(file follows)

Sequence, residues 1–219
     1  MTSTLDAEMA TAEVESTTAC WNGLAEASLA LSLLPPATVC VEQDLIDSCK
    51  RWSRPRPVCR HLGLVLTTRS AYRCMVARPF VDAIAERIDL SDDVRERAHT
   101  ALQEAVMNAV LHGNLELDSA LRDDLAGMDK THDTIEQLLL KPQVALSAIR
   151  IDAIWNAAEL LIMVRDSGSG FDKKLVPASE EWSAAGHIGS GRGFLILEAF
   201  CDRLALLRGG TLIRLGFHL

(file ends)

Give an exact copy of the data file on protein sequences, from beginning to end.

Sequence, residues 1–219
     1  MTSTLDAEMA TAEVESTTAC WNGLAEASLA LSLLPPATVC VEQDLIDSCK
    51  RWSRPRPVCR HLGLVLTTRS AYRCMVARPF VDAIAERIDL SDDVRERAHT
   101  ALQEAVMNAV LHGNLELDSA LRDDLAGMDK THDTIEQLLL KPQVALSAIR
   151  IDAIWNAAEL LIMVRDSGSG FDKKLVPASE EWSAAGHIGS GRGFLILEAF
   201  CDRLALLRGG TLIRLGFHL